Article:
To begin, a brief inventory of the objections against digital passports is useful: While the tourism and hospitality industry and millions of Europeans applaud the plans, critics argue that vaccine passports are a faulty solution to a badly devised problem. Critics contend that vaccine passports will only be needed until herd immunity is achieved through vaccinations, and that vaccine passports themselves have serious repercussions for cyber security and for human rights. It has been pointed out that the introduction of such certificates also speaks to the long-term strategic ambitions of the digital ID industry- who see this as an investment for the future but are criticized for not being sufficiently attentive to risk – and government surveillance actors.There is a lot of concern about data protection, privacy and GDPR compliance –and some concern about  vaccine passport forgery and attendant forms of crime. There is also significant scepticism about the ambition of constructing a digital infrastructure initiative spanning 27 different countries in a short period of time: Can the EU do it and do it well?  As will be argued in this blog, even if the EU can create a trustworthy and legal digital system, it will have social justice implications.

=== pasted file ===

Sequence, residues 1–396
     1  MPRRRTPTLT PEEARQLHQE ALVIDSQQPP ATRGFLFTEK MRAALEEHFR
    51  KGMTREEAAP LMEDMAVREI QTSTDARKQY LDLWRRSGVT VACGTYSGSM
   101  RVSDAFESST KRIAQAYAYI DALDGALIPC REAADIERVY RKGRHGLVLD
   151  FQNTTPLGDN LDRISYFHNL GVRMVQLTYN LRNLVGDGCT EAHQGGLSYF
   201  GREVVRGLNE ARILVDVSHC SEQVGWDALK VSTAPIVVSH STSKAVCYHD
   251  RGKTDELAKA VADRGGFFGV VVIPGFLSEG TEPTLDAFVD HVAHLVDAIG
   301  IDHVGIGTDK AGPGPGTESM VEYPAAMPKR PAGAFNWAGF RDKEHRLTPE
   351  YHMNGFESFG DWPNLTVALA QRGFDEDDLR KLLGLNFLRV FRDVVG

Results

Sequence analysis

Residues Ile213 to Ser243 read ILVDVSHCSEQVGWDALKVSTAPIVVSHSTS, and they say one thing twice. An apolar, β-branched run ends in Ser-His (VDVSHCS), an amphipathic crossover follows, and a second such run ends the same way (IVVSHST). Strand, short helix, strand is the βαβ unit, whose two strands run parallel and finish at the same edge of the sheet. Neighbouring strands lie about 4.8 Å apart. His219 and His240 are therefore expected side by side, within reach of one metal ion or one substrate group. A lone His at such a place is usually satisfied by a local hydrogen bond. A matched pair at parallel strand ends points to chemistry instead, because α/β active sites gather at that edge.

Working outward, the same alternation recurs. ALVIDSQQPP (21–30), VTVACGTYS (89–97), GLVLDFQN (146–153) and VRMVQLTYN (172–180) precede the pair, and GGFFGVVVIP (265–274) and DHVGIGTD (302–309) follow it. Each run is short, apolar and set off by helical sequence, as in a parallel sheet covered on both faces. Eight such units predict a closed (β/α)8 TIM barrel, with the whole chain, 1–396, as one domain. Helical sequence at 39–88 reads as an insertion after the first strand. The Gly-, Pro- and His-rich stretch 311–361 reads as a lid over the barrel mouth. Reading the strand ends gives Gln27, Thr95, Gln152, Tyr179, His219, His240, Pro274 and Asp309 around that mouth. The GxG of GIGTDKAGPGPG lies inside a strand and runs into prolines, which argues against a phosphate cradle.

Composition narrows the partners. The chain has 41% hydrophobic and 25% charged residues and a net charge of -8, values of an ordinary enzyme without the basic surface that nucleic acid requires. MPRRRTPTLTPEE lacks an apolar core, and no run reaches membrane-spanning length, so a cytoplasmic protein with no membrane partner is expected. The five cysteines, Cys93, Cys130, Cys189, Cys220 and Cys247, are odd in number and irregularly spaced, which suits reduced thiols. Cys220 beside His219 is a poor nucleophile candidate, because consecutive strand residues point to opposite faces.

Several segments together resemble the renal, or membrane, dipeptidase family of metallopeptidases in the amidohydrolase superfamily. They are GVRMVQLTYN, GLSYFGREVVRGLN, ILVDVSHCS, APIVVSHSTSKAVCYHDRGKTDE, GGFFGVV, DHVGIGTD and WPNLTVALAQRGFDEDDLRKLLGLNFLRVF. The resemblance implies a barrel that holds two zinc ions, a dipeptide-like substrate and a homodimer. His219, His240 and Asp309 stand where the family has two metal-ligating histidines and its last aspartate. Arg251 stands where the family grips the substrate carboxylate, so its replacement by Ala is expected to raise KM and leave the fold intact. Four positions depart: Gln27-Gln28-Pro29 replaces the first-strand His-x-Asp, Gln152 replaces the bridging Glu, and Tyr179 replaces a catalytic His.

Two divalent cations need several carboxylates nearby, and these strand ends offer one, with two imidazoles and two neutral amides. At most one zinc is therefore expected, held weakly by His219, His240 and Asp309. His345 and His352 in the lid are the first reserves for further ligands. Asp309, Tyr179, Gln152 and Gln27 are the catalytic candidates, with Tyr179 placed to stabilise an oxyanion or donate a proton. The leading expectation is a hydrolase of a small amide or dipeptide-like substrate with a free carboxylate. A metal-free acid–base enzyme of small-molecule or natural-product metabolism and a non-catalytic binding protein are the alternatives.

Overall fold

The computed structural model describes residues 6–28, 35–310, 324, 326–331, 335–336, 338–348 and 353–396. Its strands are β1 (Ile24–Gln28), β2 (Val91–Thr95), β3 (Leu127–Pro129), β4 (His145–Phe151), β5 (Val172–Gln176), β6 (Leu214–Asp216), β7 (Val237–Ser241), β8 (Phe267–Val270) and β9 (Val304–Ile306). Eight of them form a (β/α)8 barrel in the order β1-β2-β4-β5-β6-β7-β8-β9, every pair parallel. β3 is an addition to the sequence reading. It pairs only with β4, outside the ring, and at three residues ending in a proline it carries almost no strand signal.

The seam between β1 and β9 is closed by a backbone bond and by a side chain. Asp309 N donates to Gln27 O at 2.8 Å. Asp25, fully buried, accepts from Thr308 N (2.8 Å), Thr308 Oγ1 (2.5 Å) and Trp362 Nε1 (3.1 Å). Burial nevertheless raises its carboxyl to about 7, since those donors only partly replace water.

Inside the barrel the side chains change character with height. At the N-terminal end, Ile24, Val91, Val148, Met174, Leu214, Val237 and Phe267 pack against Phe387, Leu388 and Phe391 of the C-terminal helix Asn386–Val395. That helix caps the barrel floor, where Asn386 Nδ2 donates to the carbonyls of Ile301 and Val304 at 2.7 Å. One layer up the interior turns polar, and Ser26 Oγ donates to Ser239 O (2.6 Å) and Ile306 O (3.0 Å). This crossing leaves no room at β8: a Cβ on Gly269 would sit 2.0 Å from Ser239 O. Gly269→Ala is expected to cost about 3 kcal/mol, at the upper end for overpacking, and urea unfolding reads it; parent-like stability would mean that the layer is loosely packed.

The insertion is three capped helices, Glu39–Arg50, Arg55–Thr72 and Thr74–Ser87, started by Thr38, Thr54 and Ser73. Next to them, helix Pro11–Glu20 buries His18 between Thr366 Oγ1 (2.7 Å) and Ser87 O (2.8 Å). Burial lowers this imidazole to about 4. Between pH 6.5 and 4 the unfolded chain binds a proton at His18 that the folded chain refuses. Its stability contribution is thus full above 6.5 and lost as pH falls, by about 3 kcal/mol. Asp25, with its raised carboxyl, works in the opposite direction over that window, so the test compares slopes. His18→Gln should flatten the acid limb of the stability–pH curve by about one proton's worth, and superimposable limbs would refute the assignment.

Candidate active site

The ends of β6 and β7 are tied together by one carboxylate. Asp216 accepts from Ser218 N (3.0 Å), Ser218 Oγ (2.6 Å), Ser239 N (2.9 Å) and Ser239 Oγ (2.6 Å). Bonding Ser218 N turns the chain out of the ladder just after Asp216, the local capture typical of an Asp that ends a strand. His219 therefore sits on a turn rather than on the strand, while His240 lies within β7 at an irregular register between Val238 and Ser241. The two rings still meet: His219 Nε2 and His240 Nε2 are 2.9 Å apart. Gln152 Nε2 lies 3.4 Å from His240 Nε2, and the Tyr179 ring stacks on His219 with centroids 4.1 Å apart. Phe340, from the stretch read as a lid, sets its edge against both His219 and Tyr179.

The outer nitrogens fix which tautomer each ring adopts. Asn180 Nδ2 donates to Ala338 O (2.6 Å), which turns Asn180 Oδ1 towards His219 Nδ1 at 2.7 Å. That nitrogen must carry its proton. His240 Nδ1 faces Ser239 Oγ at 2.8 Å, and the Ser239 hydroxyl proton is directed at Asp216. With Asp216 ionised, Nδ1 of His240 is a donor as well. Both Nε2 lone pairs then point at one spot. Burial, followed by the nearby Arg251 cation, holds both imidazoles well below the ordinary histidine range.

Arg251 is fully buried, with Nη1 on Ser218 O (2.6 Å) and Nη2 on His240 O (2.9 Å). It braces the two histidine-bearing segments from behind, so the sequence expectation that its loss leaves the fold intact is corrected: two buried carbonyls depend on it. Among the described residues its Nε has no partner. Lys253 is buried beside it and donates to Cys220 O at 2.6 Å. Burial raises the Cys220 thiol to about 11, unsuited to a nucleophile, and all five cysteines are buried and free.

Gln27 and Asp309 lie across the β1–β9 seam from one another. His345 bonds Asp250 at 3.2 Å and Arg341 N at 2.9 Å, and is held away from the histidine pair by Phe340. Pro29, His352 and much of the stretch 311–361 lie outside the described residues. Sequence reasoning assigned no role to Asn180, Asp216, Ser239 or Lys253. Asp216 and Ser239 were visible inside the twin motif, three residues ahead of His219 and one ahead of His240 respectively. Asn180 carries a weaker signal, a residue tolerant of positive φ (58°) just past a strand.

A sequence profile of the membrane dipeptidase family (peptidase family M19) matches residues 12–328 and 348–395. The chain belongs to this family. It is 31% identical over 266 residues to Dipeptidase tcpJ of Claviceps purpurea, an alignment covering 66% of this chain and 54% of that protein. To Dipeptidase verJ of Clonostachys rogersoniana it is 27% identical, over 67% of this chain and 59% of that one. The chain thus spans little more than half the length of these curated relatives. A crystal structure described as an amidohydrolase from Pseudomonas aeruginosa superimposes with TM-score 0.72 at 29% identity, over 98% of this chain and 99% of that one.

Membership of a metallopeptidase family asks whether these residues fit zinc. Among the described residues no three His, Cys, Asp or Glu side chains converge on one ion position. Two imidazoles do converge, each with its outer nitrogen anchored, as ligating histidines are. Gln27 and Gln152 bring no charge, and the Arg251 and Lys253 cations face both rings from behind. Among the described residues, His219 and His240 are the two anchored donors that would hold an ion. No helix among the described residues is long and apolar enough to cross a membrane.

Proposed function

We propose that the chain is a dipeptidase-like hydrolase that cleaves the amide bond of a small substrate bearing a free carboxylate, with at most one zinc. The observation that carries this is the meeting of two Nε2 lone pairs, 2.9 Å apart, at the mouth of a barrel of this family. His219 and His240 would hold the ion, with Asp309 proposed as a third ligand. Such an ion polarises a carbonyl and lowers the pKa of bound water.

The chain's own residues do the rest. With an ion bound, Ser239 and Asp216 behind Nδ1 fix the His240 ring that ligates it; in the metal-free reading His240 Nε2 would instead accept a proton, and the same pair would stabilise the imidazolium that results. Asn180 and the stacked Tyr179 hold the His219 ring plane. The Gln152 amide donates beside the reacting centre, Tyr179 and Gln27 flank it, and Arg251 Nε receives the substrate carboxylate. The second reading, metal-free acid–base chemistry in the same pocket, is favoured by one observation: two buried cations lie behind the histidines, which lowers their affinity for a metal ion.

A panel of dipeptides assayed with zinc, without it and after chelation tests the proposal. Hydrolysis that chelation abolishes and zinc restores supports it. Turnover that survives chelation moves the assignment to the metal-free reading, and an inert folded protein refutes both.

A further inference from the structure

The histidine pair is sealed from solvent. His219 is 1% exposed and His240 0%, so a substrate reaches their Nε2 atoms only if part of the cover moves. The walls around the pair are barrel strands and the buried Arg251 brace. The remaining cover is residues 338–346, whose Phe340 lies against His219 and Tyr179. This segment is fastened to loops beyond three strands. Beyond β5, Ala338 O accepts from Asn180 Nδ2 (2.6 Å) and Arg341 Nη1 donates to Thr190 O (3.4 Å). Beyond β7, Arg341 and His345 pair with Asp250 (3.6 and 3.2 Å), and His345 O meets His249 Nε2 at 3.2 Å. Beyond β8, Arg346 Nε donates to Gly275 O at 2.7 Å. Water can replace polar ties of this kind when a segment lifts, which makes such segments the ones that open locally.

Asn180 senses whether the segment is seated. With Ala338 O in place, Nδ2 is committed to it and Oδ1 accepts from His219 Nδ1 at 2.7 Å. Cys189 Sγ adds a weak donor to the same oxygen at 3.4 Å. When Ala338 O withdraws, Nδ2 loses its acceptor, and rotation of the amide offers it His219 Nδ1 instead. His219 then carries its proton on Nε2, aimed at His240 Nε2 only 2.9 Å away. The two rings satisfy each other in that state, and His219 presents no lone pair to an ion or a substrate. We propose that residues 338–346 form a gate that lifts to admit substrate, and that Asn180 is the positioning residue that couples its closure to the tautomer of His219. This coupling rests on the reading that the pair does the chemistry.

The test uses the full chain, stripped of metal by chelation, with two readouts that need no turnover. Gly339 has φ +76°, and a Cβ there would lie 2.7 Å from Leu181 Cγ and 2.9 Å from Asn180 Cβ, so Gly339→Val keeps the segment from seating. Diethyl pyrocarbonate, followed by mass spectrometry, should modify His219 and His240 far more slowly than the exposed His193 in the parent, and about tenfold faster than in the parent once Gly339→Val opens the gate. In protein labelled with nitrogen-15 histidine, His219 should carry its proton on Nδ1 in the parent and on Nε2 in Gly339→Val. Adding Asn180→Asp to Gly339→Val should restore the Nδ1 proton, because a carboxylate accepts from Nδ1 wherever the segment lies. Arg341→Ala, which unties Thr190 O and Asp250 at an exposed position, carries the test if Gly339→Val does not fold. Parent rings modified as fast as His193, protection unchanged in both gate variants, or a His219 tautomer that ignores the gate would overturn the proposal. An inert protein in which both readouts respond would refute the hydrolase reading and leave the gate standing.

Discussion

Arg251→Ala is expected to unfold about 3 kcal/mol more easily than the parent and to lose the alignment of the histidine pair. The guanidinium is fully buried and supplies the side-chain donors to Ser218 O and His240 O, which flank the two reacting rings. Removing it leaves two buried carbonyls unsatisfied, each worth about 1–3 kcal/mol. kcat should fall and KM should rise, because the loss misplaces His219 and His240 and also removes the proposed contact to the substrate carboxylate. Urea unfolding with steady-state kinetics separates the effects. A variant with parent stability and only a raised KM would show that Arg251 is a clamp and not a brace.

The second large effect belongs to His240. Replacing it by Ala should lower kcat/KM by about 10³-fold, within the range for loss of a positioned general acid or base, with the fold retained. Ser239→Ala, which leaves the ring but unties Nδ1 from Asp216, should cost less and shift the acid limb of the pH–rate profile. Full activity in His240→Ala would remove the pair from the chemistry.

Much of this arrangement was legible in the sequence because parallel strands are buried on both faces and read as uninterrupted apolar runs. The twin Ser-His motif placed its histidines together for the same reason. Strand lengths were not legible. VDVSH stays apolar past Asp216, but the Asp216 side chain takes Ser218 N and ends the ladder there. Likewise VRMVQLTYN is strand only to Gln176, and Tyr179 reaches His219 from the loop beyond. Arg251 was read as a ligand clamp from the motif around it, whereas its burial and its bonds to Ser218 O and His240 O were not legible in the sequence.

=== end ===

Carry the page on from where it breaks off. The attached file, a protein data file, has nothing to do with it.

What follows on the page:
Problem framings: centring mobility and digital solutions

In the context of Covid-19, in a year we have gone from seeing social distancing and handwashing, then masks, then vaccines as being the solutions to the spread of the pandemic. However, with vaccination under way, the focus on solutions has shifted in a way that is highly significant from a social justice perspective.

Digital vaccine passports are not (primarily) a way of managing infection rates but a strategy for reverting to a pre-pandemic state of mobility.  At the start of the outbreak, in the Winter of 2020, within a few weeks, mobility went from being the solution to the financial and political challenges faced by the EU, to become the cause of the crisis facing the Union. While the certificate is presented as a solution to the impasse on free movement generated by the pandemic, the policy and regulatory framing of problems and solutions – as well as how this framing privilege the credibility and relevance of a whole new group of stakeholders – merit closer attention.

Efforts to mitigate the impact of COVID-19 are now channeled strongly towards a concern with problems of mobility, resulting in a problem-framing amenable to “technological solutions”. A common critique of new and/or experimental digital tools is that they are a ‘solution in need of a problem’. While there is generally good reason to caution against attributing inherently transformative qualities to technology and using terms such as ‘game changers’, the circumstances, the political entanglements and the commercial and popular traction of the certificate suggest that while the DGC is to be deployed ‘during the pandemic’, the end of the pandemic will not be the end of the certificate. We need to watch out for mission and function creeps – and who they affect and how.